Surreal is a term Scott maybe never truly understood until it was forced upon him that fateful afternoon in downtown Boston.
“That’s something that has run for 117 years,” Scott said. “As we were there you start learning more and more about this, what this meant to the people there. It was on Patriot’s Day, the Red Sox played early so they could go out and watch the finish line, [and] no one worked.
“It’s (the bombing) gonna be associated with the Boston Marathon now. In a sense you feel sorry for the people there who’ve raced this thing for so long. It just ruined it for them.”
Scott and Lori have since returned to less dramatic lives in Columbus where Scott works as a home builder and Lori as a health care professional.
Seven months ago the couple welcomed their second son, Owen, into the family. Scott and Lori hadn’t been as happy to see Owen and their four-year-old Aiden than the moment they returned home from Boston.
Since they’ve come back to Nebraska the horror of the day has mostly subsided. Scott no longer gets jolted awake the way he did the night after a terrifying day.
Sometimes he thinks about how things could have been different. He thinks about how he would have reacted if people around him were calling out for help with limbs missing.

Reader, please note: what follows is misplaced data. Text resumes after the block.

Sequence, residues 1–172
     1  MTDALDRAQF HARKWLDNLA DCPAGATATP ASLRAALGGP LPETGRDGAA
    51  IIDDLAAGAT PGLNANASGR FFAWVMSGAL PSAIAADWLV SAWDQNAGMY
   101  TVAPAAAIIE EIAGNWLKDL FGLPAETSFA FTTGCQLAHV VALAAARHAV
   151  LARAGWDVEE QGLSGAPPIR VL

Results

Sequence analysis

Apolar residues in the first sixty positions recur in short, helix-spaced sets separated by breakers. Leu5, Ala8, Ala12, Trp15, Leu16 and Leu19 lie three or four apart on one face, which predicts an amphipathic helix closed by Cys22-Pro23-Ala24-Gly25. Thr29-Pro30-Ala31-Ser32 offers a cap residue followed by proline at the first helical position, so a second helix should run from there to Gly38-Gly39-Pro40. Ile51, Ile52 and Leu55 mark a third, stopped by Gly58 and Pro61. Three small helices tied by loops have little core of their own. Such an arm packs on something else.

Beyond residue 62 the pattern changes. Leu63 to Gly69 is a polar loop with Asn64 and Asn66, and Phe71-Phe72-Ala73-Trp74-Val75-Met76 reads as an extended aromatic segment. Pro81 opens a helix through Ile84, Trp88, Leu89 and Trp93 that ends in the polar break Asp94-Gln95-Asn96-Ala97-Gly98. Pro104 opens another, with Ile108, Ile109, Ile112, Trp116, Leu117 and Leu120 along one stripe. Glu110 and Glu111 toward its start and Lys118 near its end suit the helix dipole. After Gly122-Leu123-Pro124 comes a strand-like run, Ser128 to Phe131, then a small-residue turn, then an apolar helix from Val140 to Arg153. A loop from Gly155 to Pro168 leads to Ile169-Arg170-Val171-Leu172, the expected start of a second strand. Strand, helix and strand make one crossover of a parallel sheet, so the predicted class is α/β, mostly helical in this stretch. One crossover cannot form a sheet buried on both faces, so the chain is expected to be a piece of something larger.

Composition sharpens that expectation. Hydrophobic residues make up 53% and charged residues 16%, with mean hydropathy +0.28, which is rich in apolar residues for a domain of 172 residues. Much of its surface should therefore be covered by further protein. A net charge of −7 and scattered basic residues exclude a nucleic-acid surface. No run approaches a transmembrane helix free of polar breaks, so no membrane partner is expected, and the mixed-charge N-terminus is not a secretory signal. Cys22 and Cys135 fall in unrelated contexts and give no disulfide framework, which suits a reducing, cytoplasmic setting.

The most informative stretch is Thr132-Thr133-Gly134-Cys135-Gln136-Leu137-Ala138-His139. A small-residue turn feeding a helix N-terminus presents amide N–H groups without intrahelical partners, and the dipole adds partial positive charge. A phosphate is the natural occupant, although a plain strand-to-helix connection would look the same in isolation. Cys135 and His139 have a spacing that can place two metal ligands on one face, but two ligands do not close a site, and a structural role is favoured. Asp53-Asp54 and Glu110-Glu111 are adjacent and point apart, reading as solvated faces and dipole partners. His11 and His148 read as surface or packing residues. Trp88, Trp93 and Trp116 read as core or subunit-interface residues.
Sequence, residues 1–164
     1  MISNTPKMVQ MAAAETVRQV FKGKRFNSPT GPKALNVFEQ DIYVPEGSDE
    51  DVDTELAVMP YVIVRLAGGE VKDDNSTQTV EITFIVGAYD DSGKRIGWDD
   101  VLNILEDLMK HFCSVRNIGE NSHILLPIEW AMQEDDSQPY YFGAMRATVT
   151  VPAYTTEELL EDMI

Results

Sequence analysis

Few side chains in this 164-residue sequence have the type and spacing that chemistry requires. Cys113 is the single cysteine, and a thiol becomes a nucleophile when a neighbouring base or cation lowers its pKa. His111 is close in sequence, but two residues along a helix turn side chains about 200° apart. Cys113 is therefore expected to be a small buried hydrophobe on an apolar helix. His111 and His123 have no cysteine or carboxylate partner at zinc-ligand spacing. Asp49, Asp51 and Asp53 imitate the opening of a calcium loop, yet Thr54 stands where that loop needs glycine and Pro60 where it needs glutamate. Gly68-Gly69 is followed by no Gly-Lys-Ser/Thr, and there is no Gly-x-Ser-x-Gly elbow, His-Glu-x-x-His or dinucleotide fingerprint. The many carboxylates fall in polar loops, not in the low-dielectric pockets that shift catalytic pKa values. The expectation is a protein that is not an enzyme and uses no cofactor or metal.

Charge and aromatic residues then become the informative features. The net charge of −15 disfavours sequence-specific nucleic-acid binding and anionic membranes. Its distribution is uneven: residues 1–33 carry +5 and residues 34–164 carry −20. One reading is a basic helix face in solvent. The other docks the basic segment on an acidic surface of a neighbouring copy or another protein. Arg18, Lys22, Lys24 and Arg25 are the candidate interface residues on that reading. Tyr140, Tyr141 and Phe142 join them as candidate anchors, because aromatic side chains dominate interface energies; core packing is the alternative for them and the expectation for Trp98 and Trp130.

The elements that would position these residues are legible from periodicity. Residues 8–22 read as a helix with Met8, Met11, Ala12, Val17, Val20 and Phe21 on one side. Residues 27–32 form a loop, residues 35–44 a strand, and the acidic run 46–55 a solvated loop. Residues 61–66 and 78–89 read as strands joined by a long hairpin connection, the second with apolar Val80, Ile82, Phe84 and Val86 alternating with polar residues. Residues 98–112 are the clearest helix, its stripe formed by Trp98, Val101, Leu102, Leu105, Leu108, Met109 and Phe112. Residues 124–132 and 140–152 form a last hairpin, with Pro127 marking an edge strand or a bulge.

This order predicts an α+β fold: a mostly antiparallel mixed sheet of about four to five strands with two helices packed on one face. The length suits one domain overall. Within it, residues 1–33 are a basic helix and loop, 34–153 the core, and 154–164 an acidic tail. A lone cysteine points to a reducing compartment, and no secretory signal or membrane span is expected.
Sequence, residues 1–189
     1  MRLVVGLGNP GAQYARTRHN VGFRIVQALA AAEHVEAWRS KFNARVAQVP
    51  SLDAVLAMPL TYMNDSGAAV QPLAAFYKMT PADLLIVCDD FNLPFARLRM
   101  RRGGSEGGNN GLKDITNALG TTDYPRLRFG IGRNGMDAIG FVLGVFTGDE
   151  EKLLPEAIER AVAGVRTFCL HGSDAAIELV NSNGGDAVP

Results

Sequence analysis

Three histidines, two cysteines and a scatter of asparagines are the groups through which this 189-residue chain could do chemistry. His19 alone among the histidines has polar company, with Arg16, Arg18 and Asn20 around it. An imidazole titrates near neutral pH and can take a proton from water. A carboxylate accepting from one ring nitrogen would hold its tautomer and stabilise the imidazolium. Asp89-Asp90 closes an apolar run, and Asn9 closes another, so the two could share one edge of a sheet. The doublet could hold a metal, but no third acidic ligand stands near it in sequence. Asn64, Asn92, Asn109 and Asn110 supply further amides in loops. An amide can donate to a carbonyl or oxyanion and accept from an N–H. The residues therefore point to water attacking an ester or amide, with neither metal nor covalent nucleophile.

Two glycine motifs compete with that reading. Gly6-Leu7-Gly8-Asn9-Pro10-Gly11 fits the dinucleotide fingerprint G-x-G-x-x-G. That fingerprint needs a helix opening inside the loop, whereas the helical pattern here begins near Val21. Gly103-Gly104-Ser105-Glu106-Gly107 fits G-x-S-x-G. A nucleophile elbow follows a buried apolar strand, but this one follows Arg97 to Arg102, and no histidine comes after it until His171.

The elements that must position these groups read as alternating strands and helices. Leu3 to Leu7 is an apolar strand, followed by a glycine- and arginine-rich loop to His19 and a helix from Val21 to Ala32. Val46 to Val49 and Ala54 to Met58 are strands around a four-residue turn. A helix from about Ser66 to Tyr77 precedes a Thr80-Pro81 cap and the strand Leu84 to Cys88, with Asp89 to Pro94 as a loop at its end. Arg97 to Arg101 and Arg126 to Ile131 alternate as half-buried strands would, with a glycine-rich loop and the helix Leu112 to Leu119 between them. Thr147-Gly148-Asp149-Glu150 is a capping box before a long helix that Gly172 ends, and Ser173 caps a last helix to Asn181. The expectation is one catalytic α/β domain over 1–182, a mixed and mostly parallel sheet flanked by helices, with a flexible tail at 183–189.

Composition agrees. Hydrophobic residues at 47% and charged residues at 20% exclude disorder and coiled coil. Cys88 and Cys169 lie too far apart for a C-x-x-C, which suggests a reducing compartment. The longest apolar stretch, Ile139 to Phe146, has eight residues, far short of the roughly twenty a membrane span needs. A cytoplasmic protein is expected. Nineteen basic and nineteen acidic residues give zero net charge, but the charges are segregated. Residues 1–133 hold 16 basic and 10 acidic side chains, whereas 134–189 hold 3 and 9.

He thinks about how they might have chosen the opposite side of the street than the one they were on. And he thinks how things might have gone if the couple had their two boys on the trip.
But at the same time he doesn’t allow second guessing to rule his life. Scott said they made the choices they did, and whether they were guided by luck, karma or faith, no amount of overanalyzing can tell him the why or the how.
The Zegars are a successful, growing family who would rather look towards all the years of happiness ahead than focus on one sad memory from the past.
“It definitely put things into perspective,” Zegar said. “We have two boys that we left at home and we thought (if the boys were there) those guys (the suspects) could have went across the street, or we could have went across the street.”
“But at the same time you can’t live your life planning like that or worrying like that either. It definitely drove the point home that, OK there’s bigger things in life, these are our priorities.”